9. Yes, nice post.

    But I think Desktop applications have been dead for years, and years.

    The iPad is just the realization that most people don't need to install software applications and, indeed, shouldn't.

    I sure don't want my father to go out and install software on his PC!!!

    But you touch a finer point: nobody wants to study toaster science. Damn good point.

  10. I actually quite like the idea of people doing degrees in "Internet Science". What could be cooler than studying information in all its forms? And, given that it's tricky to get on the Internet without a computer, those internet scientists will be stuck with learning a lot of computer science too...

  11. Seems to me you are confusing raw numbers (of people becoming computer scientists) with a shift in the field from a 'science' to a 'trade'. (To continue your analogy to automotive engineers: once automobiles became standardized, there was surely a shift from 'people who could design and build cars' [i.e., 'engineers'] to 'people who can fix cars' [i.e., 'repairmen']. But the number of auto repairmen is still huge.)

    Unfortunately, this was already the way CS was heading well before the ipad, with most undergraduate CS majors not much better than glorified programmers. Or, more to the point, I don't see how the ipad itself accelerates or affects this process.

  12. How is calling the iPad a giant iPod Touch misleading?

    To me the description "giant iPod Touch" makes it sound like you use it for the same sorts of things you'd use an iPod but it is much more comfortable to read on and much less comfortable to carry. Are you suggesting that is somehow wrong?

    Oh, and a question for one of your anonymous commenters: what is the faith of math that should be avoided? (Even if you meant "fate", which I hope you didn't, I'd still ask what "fate" you meant.)

  13. as a programmer once famously said:
    "computer science is as much about computers as astronomy is about telescopes". slick telescopes and backyard astronomy did not kill astronomy or funding for space research, nor will OLPC or ipad kill CS.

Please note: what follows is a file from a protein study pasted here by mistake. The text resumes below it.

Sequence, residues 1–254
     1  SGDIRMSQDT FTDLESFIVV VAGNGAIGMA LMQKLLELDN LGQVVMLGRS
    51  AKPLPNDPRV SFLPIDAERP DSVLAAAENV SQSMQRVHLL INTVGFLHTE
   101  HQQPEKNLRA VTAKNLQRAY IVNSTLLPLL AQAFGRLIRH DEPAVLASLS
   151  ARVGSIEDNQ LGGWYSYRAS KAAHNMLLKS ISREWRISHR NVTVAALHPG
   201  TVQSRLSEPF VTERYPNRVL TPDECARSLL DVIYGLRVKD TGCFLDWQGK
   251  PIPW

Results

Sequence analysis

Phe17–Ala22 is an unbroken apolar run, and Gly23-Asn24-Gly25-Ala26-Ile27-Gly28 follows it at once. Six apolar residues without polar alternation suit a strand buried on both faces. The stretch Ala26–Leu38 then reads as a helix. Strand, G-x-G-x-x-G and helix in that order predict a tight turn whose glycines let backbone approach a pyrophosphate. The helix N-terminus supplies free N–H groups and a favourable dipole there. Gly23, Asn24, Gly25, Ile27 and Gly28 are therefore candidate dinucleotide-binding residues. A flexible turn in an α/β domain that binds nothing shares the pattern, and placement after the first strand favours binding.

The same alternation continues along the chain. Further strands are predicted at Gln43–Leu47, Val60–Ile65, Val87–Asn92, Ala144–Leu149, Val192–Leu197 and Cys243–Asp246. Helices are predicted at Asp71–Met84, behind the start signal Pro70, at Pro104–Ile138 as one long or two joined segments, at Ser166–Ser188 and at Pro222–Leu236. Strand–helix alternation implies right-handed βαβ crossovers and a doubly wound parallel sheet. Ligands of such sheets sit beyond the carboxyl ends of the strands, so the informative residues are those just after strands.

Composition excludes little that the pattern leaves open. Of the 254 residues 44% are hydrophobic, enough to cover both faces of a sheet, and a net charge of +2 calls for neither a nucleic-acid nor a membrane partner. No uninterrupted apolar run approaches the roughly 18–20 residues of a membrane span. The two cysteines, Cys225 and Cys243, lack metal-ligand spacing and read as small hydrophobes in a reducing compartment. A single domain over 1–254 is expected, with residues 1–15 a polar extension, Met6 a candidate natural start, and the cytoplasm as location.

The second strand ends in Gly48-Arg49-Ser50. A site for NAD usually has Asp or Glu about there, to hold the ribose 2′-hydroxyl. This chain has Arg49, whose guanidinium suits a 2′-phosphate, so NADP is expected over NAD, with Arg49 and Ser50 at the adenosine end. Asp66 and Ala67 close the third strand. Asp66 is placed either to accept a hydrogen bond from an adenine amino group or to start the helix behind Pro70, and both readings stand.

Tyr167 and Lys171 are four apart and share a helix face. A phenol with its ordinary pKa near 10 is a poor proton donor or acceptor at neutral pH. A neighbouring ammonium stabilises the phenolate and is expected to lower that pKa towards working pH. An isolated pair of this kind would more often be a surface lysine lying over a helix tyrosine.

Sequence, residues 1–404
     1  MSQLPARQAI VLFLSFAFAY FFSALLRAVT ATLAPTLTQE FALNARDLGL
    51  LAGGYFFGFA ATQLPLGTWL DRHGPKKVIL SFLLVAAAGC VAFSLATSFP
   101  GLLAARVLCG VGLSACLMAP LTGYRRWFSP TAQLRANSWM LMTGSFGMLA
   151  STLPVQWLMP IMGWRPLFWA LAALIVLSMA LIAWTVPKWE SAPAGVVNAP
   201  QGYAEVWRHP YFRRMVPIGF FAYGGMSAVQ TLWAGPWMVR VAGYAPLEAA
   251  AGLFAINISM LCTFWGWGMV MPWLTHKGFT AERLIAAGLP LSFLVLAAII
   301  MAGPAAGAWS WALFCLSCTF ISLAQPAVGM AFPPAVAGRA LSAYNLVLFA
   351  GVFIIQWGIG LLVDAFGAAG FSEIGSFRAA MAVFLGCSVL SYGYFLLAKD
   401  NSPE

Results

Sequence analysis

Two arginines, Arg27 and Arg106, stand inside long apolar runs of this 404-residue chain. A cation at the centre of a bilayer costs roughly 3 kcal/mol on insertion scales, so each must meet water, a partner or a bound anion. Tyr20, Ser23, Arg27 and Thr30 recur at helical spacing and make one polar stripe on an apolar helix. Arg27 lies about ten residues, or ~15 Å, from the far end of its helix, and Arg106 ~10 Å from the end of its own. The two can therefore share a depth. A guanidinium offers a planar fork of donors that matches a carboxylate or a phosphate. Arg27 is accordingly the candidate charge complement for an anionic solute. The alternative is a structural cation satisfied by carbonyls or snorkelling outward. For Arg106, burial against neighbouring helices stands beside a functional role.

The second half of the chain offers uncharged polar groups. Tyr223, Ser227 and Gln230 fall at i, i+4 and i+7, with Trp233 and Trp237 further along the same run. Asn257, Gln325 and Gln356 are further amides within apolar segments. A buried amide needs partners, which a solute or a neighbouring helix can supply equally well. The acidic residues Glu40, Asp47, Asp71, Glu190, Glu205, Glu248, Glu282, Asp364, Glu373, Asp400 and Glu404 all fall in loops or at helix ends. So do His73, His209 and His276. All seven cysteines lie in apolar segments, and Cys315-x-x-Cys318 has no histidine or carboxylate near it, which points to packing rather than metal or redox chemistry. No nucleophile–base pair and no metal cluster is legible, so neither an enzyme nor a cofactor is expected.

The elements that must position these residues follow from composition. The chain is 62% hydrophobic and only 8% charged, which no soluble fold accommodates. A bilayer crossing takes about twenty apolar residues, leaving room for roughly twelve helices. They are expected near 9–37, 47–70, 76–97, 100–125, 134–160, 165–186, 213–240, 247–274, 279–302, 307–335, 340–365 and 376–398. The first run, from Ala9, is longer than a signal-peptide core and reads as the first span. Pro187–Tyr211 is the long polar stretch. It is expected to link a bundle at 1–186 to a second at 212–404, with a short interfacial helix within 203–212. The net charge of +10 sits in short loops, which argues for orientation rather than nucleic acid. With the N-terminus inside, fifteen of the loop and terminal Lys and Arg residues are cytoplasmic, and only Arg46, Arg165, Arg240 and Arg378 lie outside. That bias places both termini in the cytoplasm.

14. CS is Magic for real world, consider a world which is completely wired, CS knowledge would be like knowing magic!
    However we must ensure our ability to perform the magic by keeping standards open unlike the APPLE approach, if you own a microprocessor you should have full right to run code on it.

  15. Well, I do not agree with you... It think that closed software and software architectures are only one trend among numerous trends we see out there.

    Open source is an example. I like to describe open source as "Have it your way". While with a closed architecture you can ensure that everything the company thought of just works, you'll always find many people who don't believe the provided softwares fits their needs. Developing open source software will always require open source developers and as long as the open source source software will fill a gap in the global software industry, as long as we will have the need for developers. And I believe that this gap will always exist since the human kind is a perpetual unsatisfied animal and since the free lunch is always welcome.

    Another example would be the very promising fields of service oriented architectures and cloud computing. Software designers will focus on their tiny area of expertise and try to make it right. People will be able to choose their service provider as they choose their phone company and actually build their system the way it fits their needs.

    It is no secret that Apple have always been a closed system evangelist. They have been consistent all the way except for the Intel based machines move but they seem to be correcting their mistake...

    Sure there is a revolution, there are many of them. But IMHO, most of them will make computer science the central point of our modern world.


  16. You are using "computer scientist" and "application developer" interchangably which of course is very erroneous. Of all computer scientists, application developers make up maybe less than 1%.

  17. If people start associating computers with cool multi-touch devices rather than with the frustration and boredom of getting printers to work


Disqus for The Geomblog